The Boulevard Ear

Welcome back to the Boulevard Ear, a regular feature on The Bay Bridged, where our man about town examines a community's live music offerings over the course of one evening. What is it like to be a show-goer whose experiences are dictated entirely by location? Follow Todd as he explores Bay Area music venues by neighborhood, finding a variety of independent music along the way.

We hope you have not been too lost in your wanderings without our usual companionship and sage advice. We have been on assignment in Chengdu, the capital city of Sichuan, home of cheap silk and mouth-numbing green peppercorns.

By day we labor at the pleasure of the government (you need only know that it involves reams of data, the future of society, and a selection of colleagues so renowned for their skill, intelligence, glamour, and beauty that we daren't include their names or pictures). Nights are our own, which perforce sends us out in search of where music and revelry may be occurring.

Tonight, our handlers have steered us towards China Groove, a modern affair atop one of countless glass and steel high-rises. A well-heeled crowd of the city's exploding consumer middle class are playing drinking games, with dice rattling in cups and kegs of Carlsberg perched upon their tiny tables.

A Brooklyn transplant of Malaysian descent named Jun is leading the house band through testosterone-inflected covers from the likes of Tom Petty and Bon Jovi as we arrive. He soon breaks and, apparently, finds in us kindred company. Jun is also working in town, moonlighting at the club out of boredom.

How does he assess the music scene? He throws up his hands. "This band fucking hates me. 'Cause I hate them!" he offers. "They didn't know anything! I had to show the drummer how to get in a groove!" By example, he gesticulates at a female singer who has launched into a pitch perfect reading of "This Christmas."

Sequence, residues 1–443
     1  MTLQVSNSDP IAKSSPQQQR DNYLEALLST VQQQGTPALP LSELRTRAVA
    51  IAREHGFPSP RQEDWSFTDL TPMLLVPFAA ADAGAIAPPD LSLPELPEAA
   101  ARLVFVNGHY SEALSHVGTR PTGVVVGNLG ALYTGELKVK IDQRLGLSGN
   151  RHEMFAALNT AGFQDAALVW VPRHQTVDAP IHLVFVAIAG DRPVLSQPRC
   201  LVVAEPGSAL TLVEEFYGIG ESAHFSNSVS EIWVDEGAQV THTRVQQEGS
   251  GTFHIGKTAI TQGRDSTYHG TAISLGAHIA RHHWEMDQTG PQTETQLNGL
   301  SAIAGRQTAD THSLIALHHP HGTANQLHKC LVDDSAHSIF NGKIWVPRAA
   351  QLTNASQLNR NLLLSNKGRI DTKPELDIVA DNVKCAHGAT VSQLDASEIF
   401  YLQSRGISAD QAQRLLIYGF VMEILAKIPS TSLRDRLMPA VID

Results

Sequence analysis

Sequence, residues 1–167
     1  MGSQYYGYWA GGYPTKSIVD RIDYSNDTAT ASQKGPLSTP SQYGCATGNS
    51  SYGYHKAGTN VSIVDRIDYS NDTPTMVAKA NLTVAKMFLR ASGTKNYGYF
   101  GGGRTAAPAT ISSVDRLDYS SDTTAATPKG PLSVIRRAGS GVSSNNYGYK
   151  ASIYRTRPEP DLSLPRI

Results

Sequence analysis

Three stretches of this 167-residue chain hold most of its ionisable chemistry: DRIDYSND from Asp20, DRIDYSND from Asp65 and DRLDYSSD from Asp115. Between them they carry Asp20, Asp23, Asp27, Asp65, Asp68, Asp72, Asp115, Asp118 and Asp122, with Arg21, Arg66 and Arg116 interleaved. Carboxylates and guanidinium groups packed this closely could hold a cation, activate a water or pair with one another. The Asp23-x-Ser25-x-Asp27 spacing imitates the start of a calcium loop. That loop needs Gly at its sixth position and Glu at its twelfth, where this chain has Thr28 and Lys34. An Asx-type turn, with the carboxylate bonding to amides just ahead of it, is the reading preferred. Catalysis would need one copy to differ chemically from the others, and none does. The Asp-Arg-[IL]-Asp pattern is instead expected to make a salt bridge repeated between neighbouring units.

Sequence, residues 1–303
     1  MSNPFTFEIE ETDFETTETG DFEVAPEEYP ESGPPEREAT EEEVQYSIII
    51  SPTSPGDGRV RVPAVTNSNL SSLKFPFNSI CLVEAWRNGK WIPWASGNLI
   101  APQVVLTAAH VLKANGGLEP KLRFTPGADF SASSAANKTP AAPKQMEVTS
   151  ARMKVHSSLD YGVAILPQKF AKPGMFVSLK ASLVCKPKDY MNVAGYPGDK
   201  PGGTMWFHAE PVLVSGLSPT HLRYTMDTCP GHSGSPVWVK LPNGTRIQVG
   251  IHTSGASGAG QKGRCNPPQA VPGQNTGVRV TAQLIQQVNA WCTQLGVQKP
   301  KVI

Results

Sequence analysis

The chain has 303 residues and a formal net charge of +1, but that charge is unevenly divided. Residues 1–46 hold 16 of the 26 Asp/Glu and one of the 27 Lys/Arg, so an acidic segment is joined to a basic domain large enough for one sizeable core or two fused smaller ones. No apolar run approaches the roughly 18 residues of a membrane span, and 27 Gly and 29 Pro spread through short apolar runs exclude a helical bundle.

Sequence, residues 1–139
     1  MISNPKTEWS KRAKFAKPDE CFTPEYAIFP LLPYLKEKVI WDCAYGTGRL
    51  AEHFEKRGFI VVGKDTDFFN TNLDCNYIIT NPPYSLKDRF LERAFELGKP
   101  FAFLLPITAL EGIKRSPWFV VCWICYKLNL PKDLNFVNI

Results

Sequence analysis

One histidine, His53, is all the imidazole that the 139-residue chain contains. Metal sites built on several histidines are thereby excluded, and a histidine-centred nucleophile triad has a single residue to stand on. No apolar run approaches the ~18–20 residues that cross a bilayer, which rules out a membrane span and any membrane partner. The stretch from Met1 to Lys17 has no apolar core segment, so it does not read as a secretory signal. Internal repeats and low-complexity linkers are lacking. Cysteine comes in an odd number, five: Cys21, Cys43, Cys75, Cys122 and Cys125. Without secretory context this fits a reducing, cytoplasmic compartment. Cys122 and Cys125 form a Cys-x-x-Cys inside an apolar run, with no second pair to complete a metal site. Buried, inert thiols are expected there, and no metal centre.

"See!" Jun exclaims, cackling. "A fucking Christmas song!"

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As it transpires, China Groove seems to be a headquarters for professional singers to drop by and try out their material–Chinese pop, Michael Jackson–in a relaxed setting. Some manage to lure a few locals and expats onto the dance floor. One actually manages to keep them there.

Before he gets back up to sing "How You Remind Me" by Nickleback, Jun gives us his assessment of the famous local cuisine: "They put that fucking green pepper in everything - tastes like fucking burnt rubber!"

Our next sortie finds us wandering through the sauna-like heat (never malign the Bay's foggy climes again, trust us) to locate Music House, another well-known boîte in a characteristic commercial arcade.

Of the many foreign cultural norms, none stands out so much as the freedom to smoke: in elevators, taxis, offices, and–of course–nightclubs. We are tempted to take up the noxious habit ourselves, as long as we are inhaling so much nicotine already.

It is strictly covers at Music House as well, but the vibe could not be more different. The house band cultivates a downright California feel, with their acoustic guitars, shorts, Vans, and skate T-shirts. The music, too, aims for a Jack Johnson-level mellow crunch. The group even acquits themselves respectably of a rendition of Bob Marley's "Three Little Birds", although the drummer, inexplicably confined to a plastic box, needs a few count-offs to catch up with the one-drop beat.

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The crowd here is also dressed down. Men and women hang out together in casual groups. The thick charge of mating rituals is absent. This relaxed camaraderie conjures plaintive images of fog-bound hills and the promise of return. Any chance this Music House band knows "Homeward Bound"?

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